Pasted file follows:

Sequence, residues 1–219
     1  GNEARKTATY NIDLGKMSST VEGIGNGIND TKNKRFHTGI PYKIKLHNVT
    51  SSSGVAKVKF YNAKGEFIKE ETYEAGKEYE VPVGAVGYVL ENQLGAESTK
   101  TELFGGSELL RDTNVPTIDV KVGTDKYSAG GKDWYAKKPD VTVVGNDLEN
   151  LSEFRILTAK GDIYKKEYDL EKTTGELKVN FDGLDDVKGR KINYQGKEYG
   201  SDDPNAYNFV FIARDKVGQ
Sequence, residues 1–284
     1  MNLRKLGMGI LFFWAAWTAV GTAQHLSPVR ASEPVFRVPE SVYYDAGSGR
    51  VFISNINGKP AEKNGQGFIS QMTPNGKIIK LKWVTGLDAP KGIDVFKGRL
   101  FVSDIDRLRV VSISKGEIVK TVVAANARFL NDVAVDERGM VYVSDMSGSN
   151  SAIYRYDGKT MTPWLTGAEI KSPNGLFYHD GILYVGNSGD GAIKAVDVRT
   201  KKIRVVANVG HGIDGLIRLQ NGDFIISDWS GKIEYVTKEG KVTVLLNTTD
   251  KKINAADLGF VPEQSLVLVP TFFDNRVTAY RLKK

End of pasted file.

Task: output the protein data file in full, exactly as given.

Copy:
Sequence, residues 1–219
     1  GNEARKTATY NIDLGKMSST VEGIGNGIND TKNKRFHTGI PYKIKLHNVT
    51  SSSGVAKVKF YNAKGEFIKE ETYEAGKEYE VPVGAVGYVL ENQLGAESTK
   101  TELFGGSELL RDTNVPTIDV KVGTDKYSAG GKDWYAKKPD VTVVGNDLEN
   151  LSEFRILTAK GDIYKKEYDL EKTTGELKVN FDGLDDVKGR KINYQGKEYG
   201  SDDPNAYNFV FIARDKVGQ
Sequence, residues 1–284
     1  MNLRKLGMGI LFFWAAWTAV GTAQHLSPVR ASEPVFRVPE SVYYDAGSGR
    51  VFISNINGKP AEKNGQGFIS QMTPNGKIIK LKWVTGLDAP KGIDVFKGRL
   101  FVSDIDRLRV VSISKGEIVK TVVAANARFL NDVAVDERGM VYVSDMSGSN
   151  SAIYRYDGKT MTPWLTGAEI KSPNGLFYHD GILYVGNSGD GAIKAVDVRT
   201  KKIRVVANVG HGIDGLIRLQ NGDFIISDWS GKIEYVTKEG KVTVLLNTTD
   251  KKINAADLGF VPEQSLVLVP TFFDNRVTAY RLKK